It’s times like this that really brings this reality home.

  16. The ” Empire ” does not care where Julian Assange spends his ” life sentence ” as long as he is never allowed to ever be free again. The United States is going to have quite enough on its plate on January 7, 2021 after the ” Trumpoids ” go wild on January 6, 2012.

  17. My big surprise is that Baraitser made a ruling against extradition with position in government and husband and so forth. She is deeply part of the suppressive state. Her “grounds” are obviously a way give a reason while skirting around suppression. That Baraitser actually ruled this way is a testament to the protests over years and nothing from the MSM. Still, she clearly knows Assange is a media saint and hero, and she needs an excuse to rule against extradition. Reminds me a bit of the judge in “Miracle on 34th Street” who was trying to find a way not to rule against Santa Claus. That was funny. This, Baraister, remains evil and ominous. This presumes to make a judgement, a decision, which defines journalism for the purposes of repression.

    1. Nice touch, Michael, to allude to the ruling in “Miracle.”

  18. Easier said than done. President Trump’s spent 4 years removing us from senseless, pointless wars against invented enemies. Yet one time he took a militaristic stand. Against the corrupt and stolen government of Venezuela. But rather than recognize the contrast Caitlin chose to repeat thirdhand talking points about imperialism and the ridiculous ‘Spanish Elite’. No number of firsthand accounts I could offer her regarding the real situation could sway her. She read the newspapers, adopted the usual sound bites and condemned a genuine humanitarian effort. Fast forward to late 2020 and what do we know? That Venezuela and Maruro are the origin point of Dominion/Smartmatic and their worldwide campaign of election fraud. We saw the tallies and heard (more) firsthand accounts from the very software engineers behind it. Maduro never won an election. He lost badly but rigged the outcome anyway. He was never the rightful elected leader. He stole his way into power then abused a citizenry that never elected him. TRUMPS EXACT WORDS. And the world’s reluctance and failure to support these innocent victims turned out to have untold unintended consequences. Joe Biden, heir to Maduros election theft strategy has now usurped the office of President of the United States. What seemed like an irrelevant uprising in some banana republic has morphed into the darkest hour of history since the Bubonic Plague. The shining beacon on the hill has been snuffed out. And why? Because the Caitlin’s of the world COULD NOT RECOGNIZE that they were not in control of their minds or their thoughts or their grasp of reality no matter how shrill their assertions to the contrary. So while this article is very astute and very well written, it is very rich coming from Caitlin. Has she ever conceded how verifiably wrong she was about Venezuela? Or is she just preaching to you? A gospel that she failed to follow when it counted most. When far more than we knew hung in the balance Why? What is her soap box built on? Contradiction? Denial? It would sure seem that way and the best evidence against her came from her own hand. But it doesn’t matter much now. The snowball is too far down the hill to be stopped. So now, quite predictably, she wants to take issue with YOUR denial. That should make you want to vomit.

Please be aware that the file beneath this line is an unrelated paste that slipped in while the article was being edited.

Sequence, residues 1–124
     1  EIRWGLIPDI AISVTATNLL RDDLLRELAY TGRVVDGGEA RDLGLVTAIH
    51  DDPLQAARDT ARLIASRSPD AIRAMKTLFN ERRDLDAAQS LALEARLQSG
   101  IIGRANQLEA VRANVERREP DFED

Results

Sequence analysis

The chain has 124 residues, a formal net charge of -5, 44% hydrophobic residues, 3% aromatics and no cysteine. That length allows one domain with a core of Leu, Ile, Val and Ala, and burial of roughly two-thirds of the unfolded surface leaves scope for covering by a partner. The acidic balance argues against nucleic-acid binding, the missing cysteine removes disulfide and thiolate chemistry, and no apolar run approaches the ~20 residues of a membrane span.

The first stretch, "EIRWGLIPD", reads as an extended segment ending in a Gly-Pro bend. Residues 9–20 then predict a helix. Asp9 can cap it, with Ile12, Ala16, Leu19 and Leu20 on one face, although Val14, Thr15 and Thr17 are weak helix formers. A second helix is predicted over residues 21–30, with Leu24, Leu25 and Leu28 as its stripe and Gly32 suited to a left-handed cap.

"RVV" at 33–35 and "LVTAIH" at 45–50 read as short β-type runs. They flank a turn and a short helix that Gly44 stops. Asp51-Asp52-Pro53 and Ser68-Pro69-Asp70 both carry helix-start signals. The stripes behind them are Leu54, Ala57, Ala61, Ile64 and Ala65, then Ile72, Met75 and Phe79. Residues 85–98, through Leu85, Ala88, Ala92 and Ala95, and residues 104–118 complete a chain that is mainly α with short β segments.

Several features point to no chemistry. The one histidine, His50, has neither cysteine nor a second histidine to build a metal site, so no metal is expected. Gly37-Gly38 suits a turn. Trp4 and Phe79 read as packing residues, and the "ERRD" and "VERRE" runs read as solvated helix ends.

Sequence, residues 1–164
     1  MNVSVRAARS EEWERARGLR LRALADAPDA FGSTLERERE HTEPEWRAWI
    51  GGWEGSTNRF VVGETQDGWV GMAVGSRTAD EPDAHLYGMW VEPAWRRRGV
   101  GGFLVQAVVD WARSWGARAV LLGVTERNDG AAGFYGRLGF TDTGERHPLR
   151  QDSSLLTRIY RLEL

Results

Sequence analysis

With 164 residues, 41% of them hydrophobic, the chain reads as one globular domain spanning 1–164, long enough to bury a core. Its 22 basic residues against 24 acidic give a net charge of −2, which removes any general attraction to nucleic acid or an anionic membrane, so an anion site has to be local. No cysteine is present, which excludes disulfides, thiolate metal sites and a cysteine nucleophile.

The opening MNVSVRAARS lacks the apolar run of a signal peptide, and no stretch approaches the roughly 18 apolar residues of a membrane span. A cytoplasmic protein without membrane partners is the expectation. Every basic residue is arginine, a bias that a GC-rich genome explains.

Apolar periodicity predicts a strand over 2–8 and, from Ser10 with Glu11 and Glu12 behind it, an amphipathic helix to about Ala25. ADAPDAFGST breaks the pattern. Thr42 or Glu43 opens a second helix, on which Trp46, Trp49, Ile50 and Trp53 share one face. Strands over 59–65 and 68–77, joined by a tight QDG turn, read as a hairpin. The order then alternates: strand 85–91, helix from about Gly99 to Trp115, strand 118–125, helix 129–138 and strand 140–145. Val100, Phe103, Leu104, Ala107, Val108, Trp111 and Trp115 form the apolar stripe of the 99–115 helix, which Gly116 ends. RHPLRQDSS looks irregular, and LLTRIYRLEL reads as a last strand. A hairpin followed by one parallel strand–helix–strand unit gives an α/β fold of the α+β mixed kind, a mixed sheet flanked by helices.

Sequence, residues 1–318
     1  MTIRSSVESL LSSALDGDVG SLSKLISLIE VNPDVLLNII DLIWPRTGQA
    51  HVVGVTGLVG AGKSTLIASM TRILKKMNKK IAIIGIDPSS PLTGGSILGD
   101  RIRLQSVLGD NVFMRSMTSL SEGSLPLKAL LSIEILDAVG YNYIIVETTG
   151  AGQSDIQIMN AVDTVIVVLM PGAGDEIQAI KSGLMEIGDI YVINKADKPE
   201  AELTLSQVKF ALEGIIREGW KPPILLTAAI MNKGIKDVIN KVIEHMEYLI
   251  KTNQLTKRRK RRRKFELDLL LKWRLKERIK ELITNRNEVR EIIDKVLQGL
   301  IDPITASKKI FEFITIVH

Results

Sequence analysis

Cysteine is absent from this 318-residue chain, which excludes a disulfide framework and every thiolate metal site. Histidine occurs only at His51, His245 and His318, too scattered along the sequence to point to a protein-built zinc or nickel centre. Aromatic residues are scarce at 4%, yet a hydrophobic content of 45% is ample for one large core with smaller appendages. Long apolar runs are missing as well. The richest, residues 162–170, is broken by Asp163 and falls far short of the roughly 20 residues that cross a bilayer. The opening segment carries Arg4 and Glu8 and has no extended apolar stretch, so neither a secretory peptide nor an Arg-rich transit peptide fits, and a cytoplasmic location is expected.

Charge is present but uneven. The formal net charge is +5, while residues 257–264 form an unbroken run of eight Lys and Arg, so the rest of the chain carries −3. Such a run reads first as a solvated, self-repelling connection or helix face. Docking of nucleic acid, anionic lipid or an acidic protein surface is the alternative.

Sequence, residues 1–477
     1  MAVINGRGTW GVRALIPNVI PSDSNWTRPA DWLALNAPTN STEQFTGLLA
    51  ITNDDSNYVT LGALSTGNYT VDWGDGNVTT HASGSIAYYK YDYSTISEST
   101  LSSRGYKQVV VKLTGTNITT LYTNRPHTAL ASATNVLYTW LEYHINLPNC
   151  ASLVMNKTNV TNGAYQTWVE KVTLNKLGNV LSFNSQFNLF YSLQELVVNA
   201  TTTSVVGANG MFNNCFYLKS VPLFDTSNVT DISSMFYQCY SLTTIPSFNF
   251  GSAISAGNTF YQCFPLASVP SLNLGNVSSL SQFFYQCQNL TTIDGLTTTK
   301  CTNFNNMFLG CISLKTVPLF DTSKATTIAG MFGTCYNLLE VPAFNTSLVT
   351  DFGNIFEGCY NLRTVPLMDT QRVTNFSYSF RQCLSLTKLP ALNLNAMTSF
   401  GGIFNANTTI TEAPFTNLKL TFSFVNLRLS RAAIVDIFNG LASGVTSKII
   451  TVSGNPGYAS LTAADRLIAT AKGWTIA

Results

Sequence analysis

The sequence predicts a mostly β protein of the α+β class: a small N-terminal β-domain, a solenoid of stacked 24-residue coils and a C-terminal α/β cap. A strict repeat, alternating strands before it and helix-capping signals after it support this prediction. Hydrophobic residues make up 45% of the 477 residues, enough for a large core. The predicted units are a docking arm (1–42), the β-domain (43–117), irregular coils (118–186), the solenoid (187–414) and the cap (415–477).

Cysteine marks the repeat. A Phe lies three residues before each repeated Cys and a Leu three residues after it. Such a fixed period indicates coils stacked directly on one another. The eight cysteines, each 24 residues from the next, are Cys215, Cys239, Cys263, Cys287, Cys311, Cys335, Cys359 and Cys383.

1. As Caitlin carefully indicates, this is great day for those who see reality. Not anything close to a lasting victory for truth and justice, of course, but a great day nevertheless. It will be even a greater day, and closer to that lasting victory, when sentiments like Deuce’s are not censored (which would be a denial of free speech) but rather are not voiced at all, especially on a day like this, because those who had them finally recognized the insanity of them, the obscenity in them.

    2. “That Venezuela and Maruro are the origin point of Dominion/Smartmatic and their worldwide campaign of election fraud. We saw the tallies and heard (more) firsthand accounts from the very software engineers behind it. Maduro never won an election.” A link?

      All two headed calfs depicted in our press confirmed that story, notably, each with both heads, but “software engineers behind it”? Reading lips of calfs shown in tabloids is an exact science, to be sure, but who and where reported statements of “software engineers behind it”? And how far behind where they? Seems that someone is raving like a true Trumpoid.